China warned Canada on Monday that it would retaliate over Ottawa's decision to suspend an extradition treaty with Hong Kong and halt exports of sensitive military gear because of a new national security law.
"China strongly condemns this and reserves the right to make further response. All consequences arising therefrom will be borne by Canada," Foreign Ministry spokesman Zhao Lijian said at a regular briefing.
"Any attempt to put pressure on China will never succeed," Zhao said.
"China urges Canada to immediately correct its mistakes and stop interfering in Hong Kong affairs and China's internal affairs in any way, so as to avoid further damage to China-Canada relations."
Canada on Friday suspended its extradition treaty with Hong Kong to protest the tough new national security law China has enacted in the financial hub.
"Canada is a firm believer in the 'one country, two systems' framework," Prime Minister Justin Trudeau said, referring to the semi-autonomous model adopted after Britain returned Hong Kong to China in 1997.
The Chinese legislation enacted last week outlaws acts of subversion, secession, terrorism and colluding with foreign forces.
Beijing has faced a groundswell of criticism, primarily from Western nations, over the law, which radically increases China's control over Hong Kong.
China's leaders said that the suite of powers will restore stability after a year of sometimes violent protests and will not stifle freedoms.
But police have already begun arresting people for possessing protest flags and banners, and the government in Hong Kong has made clear certain political views, especially calls for independence, are now outlawed.
The law was enacted in a secretive process, without the participation of Hong Kong's legislature, judiciary or people and in violation of international obligations, said Canadian Foreign Minister Francois-Philippe Champagne.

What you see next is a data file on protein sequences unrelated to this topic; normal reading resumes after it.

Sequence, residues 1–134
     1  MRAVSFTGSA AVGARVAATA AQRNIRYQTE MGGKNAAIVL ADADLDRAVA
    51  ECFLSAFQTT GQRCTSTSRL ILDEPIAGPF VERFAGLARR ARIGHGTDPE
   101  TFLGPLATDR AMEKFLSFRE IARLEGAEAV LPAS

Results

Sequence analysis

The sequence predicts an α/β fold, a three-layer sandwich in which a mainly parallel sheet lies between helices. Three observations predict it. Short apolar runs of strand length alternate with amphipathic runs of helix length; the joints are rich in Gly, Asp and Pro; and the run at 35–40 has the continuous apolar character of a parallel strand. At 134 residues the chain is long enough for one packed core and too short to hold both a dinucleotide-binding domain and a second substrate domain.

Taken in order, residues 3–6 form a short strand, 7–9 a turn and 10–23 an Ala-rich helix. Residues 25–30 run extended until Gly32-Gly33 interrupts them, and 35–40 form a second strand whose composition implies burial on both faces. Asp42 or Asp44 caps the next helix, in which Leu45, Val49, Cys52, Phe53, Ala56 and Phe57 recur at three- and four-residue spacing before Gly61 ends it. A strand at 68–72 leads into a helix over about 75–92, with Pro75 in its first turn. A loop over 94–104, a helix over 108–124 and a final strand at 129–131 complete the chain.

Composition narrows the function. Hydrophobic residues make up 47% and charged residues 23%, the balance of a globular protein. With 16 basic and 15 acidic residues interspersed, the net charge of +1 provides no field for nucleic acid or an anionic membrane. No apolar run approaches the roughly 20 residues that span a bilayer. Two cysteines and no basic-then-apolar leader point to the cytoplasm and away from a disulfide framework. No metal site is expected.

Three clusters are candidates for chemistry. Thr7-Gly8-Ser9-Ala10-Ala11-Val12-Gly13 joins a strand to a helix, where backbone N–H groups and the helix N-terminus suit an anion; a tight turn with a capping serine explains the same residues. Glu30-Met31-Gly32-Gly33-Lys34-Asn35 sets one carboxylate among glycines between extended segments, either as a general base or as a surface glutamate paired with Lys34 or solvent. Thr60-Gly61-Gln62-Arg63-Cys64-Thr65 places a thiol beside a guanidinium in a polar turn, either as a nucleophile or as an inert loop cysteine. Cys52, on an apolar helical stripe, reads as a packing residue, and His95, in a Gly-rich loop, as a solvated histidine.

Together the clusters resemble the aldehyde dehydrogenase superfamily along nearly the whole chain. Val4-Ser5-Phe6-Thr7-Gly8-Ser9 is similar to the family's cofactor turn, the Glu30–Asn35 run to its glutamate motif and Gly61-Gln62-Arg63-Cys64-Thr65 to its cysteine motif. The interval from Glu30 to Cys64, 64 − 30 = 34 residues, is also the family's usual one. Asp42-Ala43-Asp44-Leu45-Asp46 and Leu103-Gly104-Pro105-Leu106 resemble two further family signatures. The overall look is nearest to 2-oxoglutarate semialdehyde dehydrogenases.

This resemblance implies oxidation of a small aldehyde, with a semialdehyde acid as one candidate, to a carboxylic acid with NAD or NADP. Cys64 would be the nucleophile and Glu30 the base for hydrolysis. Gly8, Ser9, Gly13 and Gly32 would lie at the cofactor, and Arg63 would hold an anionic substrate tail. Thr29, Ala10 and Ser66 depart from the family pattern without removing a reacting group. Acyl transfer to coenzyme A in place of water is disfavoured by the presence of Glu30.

"This process demonstrated disregard for Hong Kong's Basic Law and the high degree of autonomy promised for Hong Kong under the 'one country, two systems' framework," the minister said.
"Hong Kong's role as a global hub was built on that foundation. Without it, Canada is forced to reassess existing arrangements," he said.
China also warned its citizens on Monday to exercise caution in traveling to Canada, citing "frequent violent actions" by law enforcement, amid ongoing tensions between Beijing and Ottawa.
The warning, published by the Chinese embassy in China on the WeChat messaging app platform, said Chinese citizens should pay close to the local security situation. It did not give specific examples on the violent actions.
Relations between Canada and China have been tense because of extradition proceedings underway against an executive of the Chinese telecoms giant Huawei, who is wanted in the U.S. on suspicion of violating sanctions against Iran.
Trudeau recently rejected calls for him to intervene and trade that executive, Meng Wanzhou, for two Canadians held in China on charges of espionage.